BIO 5 GENERAL BIOLOGY
1. Kingdom Fungi includes mushrooms, molds, edible fungi, poisonous fungi, pathogenic fungi, and beneficial fungi such as certain types of yeast. Those organism included within the Kingdom are commonly called fungi. The singularly form is fungus. Organisms in the Kingdom fungi are eukaryotes. This means that the have eukaryotic cells, those with a nucleus and membrane-bound organelles. Like plant cells, the cells of fungi have cell walls. However, the cell walls are composed of chitin, not cellulose.
2. Fungi are unlike algae in that they are heterotrophic. This means that they rely on food from their environment to obtain energy. Fungi, like animals do not carry out photosynthesis. Unlike animals, fungi do not ingest (take into their bodies) their food. Fungi release digestive enzymes into their food and digest it externally. They absorb the food molecules that result from the external digestion. Fungi are able to effectively digest food externally because, in all fungi but yeast, the organism consists of long, thread-like structures called hyphae which surround and grow into the food source, living or dead. The image shows fungal hyphae ( Septated_hyphae_MC.jpg). These hyphae can grow extremely rapidly. In 24 hours, 0.6 miles of hyphae can be produced.
3. Fungi generally have two stages, the feeding stage and the fruiting body. The feeding stage consists of hyphae that are involved in digestion of food. Some fungi eat dead organisms. These fungi are often beneficial since they contribute to the decomposition of dead organism and the recycling of organic molecules contained in them. These fungi are called decomposers. Other fungi utilize living organisms as a food source. These fungi are parasites. Some of these parasites are disease causing organisms or pathogens. Fungi cause some human diseases such as swimmers' ear, athlete's foot, Valley fever, yeast infections, ringworm, and St. Elmo's fire. They also cause plant diseases such as wheat rust, Dutch elm disease, and potato blight. The feeding stage of fungi is generally not visible to people since the hyphae are microscopic and are contained within the food, living or dead. Feeding stage hyphae are visible only if a huge mass is present.
4. Generally, we notice fungi when a fruiting body is formed. This is the part of the fungus that produces reproductive cells called spores. Spores are airborne so the fruiting body grows out of the food source to allow spore dispersal. It is also the fruiting body that is used to place fungi into categories: Division, Class, Order, etc.
5. One type of fungus people frequently encounter is the black bread mold, Rhizopus. This fungus is a member of the zygospore-forming fungi (Division Zygomycota). The feeding stage of the fungus grows in bread and other types of food. When the fruiting body forms, the fungus becomes visible on the surface of the food ( On_a_lemon_MC.jpg). When viewed with microscope, the Rhizopus consists of rounded, spore-producing structures called sporangia (hyphae_MC.jpg) that are produced on hyphae that extend upward above the surface of the food, a lemon in the example. When the spores are mature, they are released into the air ( All_hyphae_MC.jpg). Each sporangium produces thousands of spores. Each spore, if it lands on suitable food, can produce feeding stage hyphae.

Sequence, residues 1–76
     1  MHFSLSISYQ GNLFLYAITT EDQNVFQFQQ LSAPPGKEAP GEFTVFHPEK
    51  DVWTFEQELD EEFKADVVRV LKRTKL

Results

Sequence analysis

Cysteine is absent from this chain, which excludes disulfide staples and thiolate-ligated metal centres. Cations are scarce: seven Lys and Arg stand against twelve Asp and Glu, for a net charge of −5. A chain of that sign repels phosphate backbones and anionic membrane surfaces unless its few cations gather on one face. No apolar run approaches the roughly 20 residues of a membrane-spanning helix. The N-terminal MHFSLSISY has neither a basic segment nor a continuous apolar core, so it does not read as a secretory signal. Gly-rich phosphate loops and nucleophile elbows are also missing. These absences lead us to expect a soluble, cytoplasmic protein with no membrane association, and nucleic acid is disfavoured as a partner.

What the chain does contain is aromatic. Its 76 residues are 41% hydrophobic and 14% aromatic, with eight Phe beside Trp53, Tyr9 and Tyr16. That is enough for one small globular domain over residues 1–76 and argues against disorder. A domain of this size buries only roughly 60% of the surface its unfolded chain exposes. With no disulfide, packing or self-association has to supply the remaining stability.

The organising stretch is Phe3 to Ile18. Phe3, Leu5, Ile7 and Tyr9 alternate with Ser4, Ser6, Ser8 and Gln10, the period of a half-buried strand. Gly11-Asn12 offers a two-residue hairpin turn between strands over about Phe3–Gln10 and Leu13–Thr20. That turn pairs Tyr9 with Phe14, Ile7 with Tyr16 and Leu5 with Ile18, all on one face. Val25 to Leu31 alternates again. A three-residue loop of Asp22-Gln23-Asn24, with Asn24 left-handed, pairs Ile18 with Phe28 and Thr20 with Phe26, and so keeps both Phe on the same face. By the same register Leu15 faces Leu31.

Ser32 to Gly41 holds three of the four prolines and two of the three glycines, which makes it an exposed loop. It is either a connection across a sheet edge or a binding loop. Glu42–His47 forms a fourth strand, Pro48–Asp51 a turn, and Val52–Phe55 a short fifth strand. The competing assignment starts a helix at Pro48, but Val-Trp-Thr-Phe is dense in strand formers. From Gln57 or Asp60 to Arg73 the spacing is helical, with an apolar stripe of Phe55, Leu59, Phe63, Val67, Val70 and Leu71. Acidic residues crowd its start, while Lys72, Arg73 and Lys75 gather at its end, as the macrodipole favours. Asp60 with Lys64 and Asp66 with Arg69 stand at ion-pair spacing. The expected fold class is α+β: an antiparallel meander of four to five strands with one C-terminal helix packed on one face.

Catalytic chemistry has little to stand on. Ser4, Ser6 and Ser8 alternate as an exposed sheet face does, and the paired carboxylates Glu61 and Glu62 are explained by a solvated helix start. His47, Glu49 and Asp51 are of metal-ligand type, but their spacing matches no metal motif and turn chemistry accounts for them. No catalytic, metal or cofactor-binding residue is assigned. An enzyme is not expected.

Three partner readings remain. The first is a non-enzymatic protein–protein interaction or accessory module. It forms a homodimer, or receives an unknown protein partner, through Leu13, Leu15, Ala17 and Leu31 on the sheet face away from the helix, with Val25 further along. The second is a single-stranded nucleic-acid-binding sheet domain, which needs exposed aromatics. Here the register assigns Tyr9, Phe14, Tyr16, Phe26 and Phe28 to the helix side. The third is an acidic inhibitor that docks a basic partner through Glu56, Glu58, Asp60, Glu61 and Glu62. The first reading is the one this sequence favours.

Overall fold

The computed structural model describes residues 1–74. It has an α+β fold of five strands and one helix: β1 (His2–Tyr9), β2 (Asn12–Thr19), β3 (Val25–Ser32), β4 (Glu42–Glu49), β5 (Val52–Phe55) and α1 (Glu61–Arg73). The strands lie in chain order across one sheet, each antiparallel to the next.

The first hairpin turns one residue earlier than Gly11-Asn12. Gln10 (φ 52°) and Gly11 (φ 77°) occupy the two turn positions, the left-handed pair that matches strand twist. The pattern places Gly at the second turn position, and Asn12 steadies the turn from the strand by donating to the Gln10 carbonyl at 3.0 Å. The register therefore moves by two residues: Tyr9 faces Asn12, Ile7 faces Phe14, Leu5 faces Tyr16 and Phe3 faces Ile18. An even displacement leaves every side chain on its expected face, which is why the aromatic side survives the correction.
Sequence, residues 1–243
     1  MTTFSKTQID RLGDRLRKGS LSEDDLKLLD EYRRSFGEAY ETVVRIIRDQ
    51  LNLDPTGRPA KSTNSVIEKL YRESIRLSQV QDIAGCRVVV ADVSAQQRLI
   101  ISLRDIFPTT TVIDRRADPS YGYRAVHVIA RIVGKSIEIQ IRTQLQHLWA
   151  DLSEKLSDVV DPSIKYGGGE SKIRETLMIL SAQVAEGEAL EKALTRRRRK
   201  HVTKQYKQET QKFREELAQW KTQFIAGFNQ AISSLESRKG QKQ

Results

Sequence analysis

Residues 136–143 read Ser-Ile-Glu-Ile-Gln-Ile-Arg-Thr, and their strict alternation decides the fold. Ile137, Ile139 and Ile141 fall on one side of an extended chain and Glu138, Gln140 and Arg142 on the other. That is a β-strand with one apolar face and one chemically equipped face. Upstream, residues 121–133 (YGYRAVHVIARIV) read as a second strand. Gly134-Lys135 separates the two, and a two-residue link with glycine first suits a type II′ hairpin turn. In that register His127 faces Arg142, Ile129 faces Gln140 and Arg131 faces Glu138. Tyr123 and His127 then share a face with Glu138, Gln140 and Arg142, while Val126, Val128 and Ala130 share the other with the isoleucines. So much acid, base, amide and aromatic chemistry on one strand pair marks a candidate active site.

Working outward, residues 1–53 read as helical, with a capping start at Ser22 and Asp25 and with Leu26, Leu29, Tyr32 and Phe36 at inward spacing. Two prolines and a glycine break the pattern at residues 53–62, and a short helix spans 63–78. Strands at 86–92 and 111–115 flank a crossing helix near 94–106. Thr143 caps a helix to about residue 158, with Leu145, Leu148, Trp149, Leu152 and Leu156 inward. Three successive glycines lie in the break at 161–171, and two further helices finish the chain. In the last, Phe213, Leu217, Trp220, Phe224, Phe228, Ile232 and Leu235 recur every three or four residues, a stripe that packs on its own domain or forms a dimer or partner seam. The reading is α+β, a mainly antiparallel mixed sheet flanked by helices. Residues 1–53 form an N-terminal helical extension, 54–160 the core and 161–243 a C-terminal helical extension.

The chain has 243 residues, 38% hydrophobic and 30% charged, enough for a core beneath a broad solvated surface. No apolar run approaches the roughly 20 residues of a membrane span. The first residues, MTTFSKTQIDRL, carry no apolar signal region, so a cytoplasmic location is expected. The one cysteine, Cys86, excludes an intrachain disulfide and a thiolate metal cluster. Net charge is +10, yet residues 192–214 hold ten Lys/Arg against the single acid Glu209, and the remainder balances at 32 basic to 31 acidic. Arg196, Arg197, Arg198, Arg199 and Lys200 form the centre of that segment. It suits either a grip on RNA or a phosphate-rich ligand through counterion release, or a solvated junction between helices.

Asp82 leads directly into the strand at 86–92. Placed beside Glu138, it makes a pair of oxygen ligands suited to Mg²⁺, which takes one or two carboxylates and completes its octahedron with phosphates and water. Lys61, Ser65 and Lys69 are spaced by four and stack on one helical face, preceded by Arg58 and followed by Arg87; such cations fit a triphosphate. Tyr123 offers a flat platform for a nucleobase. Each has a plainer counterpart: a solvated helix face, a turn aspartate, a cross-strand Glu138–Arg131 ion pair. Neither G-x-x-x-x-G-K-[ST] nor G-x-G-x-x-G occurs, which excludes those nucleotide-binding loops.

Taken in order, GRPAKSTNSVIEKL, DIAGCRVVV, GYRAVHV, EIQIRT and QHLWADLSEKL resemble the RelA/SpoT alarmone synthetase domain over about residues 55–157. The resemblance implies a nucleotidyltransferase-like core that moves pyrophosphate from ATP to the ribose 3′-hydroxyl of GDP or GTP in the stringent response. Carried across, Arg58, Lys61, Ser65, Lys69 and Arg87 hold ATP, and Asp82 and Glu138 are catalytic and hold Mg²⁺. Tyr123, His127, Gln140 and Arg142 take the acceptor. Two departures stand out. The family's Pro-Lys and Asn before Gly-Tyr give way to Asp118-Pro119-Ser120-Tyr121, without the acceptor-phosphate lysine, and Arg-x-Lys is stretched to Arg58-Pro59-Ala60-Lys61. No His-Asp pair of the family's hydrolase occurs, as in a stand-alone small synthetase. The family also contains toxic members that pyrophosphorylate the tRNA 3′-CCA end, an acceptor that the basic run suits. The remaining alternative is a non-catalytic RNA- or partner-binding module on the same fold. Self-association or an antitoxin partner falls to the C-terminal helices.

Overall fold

6. The largest and most diverse group of fungi are the sac fungi (Division Ascomycota). This group includes edible fungi, such as the morel ( Ascoma_130.jpg). It also includes cup fungi ( Scarlet_cup_DK.jpg) which are common in forests. For both of these examples, the portion of the fungus that is visible is the fruiting body. In all members of this group, spores are produced in sac-shaped cells. This image shows a section cup through a cup fungus ( Peziza_section_MC.jpg) and a high magnification of the inner part of the cup showing the spores within the sac-shaped cell ( Asci_MC.jpg).
5. Two fungi that are sometimes grouped with the sac fungi are yeast and Penicillium. Yeast is an unusual fungus because it is unicellular both in the feeding stage (budding_cells_MC.jpg ) and in the fruiting body stage. Penicillium is a fungus that is useful to people. It is the source of the first antibiotic, penicillin, and it is used to flavor cheese such as Roquefort, Brie, and Camembert. The image shows a culture of Penicillium (Culture_MC.jpg ). If the culture is viewed under a microscope, hyphae that produce spores are visible ( Conidiaphores_MC.jpg). Each of these hyphae produce hundreds of spores (Conidia_MC.jpg ).
6. The most familiar group of fungi are the club fungi (Division Basidiomycota). This group includes mushrooms. The visible portion of the mushroom is the fruiting body. Note the gills on the lower surface of the mushroom ( mushroom_MC.jpg). It is on the gills that club-shaped cells that produce spores are located. The image shows a cross section of a mushroom showing gills ( Gills_MC.jpg). The second image shows a higher magnification of the gills. Note the spores (Gills_detail_MC.jpg).
7. Other common fungi are members of the club fungi (Division Basidiomycota). These include shelf fungi ( Conch MC.jpg), coral fungi ( coral_fungus.jpg), puffballs ( Puffballs_a_log_MC.jpg), earth stars (Earth_stars_MC.jpg ), and birds nest fungi ( Bird_nest_fungi_MC.jpg).
8. Lichen, while often studied at the same time as fungi, are really composite organisms that are composed of both a fungus and an alga. Because of the mutualistic association (one which benefits both parties) of the two organisms, lichens are able to live in many, sometimes inhospitable environments. Lichens grow on trees bark ( Lichens_on_bark_lg_MC .jpg), hang from tree branches ( Usnea_on_twig_MC.jpg), and on soil in cold environments (Reindeer_moss_MC.jpg ). Lichen, for example, are common on trees in the Sierra Nevada (Lichens_on_tree_bark_MC.jpg).